US-Poland sign special forces cooperation agreement

KRAKOW, Poland (AFP) — The United States and Poland Thursday inked a deal boosting cooperation between their special forces on the sidelines of NATO talks in Krakow, senior US and Polish officials said.

“As Poland expands its special forces, the United States will help in any way we can,” said US Defense Secretary Robert Gates after signing a Memorandum of Understanding with Polish counterpart Bogdan Klich.

Around 100 Polish special forces troops are currently stationed in Afghanistan, part of a 1,600-strong Polish contingent there.

Klich called Thursday’s bilateral deal an historic “milestone on the road to strengthening our special forces in joint operations.”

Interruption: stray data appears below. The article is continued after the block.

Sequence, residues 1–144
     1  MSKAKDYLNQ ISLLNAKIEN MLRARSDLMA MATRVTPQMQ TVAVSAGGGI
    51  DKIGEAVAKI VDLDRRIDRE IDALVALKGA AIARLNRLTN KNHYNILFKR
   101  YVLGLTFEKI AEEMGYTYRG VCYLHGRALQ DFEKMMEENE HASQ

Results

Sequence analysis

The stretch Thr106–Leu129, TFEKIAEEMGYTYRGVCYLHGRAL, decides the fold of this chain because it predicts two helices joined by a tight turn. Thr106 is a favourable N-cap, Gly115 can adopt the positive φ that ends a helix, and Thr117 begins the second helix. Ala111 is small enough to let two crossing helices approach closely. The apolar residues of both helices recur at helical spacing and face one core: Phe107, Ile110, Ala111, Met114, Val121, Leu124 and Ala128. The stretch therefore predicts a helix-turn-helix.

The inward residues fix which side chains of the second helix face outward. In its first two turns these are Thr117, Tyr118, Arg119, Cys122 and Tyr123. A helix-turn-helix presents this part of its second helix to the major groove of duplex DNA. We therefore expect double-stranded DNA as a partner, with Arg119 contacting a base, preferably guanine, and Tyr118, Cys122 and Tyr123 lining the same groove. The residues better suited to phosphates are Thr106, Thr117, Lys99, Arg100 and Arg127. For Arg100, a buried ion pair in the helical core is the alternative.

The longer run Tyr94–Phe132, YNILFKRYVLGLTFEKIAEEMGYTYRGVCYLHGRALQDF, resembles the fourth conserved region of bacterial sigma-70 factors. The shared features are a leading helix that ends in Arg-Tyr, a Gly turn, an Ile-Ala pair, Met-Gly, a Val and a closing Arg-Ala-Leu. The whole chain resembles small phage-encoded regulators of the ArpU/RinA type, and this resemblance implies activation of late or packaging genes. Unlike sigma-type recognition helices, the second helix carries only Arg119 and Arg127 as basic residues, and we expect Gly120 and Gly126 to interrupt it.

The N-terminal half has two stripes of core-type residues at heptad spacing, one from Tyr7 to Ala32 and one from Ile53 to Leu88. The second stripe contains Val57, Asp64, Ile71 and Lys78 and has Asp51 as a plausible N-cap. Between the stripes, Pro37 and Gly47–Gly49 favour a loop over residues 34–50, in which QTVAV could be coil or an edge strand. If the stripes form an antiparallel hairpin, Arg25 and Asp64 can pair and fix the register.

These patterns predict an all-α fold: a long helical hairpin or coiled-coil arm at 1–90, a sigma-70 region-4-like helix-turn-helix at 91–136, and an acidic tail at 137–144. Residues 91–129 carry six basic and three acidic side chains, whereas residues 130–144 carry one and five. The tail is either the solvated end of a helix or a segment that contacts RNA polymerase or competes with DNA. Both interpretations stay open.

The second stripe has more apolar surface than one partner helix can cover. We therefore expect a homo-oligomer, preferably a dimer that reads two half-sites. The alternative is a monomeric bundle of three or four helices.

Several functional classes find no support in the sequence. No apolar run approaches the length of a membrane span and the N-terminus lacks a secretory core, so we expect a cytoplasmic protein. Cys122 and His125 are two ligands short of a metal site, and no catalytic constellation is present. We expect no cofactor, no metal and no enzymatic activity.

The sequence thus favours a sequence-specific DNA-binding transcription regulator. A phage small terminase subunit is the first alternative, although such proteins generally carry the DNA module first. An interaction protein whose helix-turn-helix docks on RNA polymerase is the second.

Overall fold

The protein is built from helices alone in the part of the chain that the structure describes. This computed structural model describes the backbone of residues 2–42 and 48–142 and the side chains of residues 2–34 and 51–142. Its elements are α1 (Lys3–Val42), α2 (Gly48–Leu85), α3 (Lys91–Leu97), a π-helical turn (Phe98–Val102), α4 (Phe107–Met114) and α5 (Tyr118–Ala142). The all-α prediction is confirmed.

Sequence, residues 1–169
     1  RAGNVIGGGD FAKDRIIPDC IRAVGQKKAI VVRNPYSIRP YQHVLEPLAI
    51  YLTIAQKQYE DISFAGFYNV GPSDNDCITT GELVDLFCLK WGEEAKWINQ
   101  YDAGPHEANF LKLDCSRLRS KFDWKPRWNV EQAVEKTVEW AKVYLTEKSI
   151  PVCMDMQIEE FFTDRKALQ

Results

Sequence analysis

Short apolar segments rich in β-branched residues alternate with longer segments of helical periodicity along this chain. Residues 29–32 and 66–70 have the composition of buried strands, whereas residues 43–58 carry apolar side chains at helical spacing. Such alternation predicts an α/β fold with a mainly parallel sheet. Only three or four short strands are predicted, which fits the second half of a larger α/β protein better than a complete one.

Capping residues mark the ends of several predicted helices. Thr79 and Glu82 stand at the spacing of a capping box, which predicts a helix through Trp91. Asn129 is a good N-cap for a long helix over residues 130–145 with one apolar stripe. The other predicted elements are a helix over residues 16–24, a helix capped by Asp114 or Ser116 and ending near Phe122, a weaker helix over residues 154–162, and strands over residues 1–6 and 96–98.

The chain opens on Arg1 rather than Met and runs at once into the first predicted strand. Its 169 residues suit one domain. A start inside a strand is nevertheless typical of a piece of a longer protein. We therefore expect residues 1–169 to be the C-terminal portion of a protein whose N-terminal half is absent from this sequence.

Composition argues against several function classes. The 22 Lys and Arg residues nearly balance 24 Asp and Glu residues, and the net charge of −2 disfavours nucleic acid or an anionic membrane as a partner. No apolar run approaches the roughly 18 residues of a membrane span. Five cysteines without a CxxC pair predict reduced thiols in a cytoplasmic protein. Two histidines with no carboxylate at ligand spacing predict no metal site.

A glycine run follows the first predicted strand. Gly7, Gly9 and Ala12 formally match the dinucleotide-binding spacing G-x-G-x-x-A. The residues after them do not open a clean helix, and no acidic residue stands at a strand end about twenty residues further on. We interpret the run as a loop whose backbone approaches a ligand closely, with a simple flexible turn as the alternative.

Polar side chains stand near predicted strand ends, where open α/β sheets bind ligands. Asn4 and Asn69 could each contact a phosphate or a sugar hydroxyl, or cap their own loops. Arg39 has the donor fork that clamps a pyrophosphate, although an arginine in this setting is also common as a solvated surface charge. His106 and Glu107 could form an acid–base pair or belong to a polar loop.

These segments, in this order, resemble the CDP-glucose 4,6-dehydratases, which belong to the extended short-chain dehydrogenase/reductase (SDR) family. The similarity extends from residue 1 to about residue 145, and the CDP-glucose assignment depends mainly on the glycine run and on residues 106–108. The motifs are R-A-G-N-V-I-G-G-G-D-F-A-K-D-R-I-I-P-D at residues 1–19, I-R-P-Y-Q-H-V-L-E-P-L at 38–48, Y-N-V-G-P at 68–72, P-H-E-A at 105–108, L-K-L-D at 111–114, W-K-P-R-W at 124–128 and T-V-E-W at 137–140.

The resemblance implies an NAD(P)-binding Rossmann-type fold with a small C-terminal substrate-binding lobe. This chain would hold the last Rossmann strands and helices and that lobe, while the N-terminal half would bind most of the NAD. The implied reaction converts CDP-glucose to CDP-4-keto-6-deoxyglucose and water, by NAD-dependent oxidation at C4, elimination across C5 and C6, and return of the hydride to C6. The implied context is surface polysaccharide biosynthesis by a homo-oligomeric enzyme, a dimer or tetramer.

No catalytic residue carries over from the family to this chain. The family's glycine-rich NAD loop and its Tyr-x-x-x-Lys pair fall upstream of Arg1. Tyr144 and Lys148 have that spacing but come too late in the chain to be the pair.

“I think we will test the value of this agreement during the operation in Afghanistan,” he said.

According to the memorandum, the US will provide assistance “in the areas of education, training, unit partnerships and officer exchanges.”

Stressing Poland was a responsible country with 1,600 Polish troops already in Afghanistan, Klich ruled out any additional Polish troop deployments in the near future.

“No, we don’t consider it right now to send more troops to Afghanistan but I hope there will be countries that will decide so,” he told reporters.

“One of the most responsible countries from this point of view are the United States of America that are sending troops right now,” he added.

Having made Afghanistan a priority, the new US administration of President Barack Obama announced on Tuesday it would send an additional 17,000 troops there by the summer.

Washington is hoping that NATO partners gathered in Krakow for the two-day informal meeting of the alliance’s defence ministers will also up their troop numbers and civilian support in the volatile nation.

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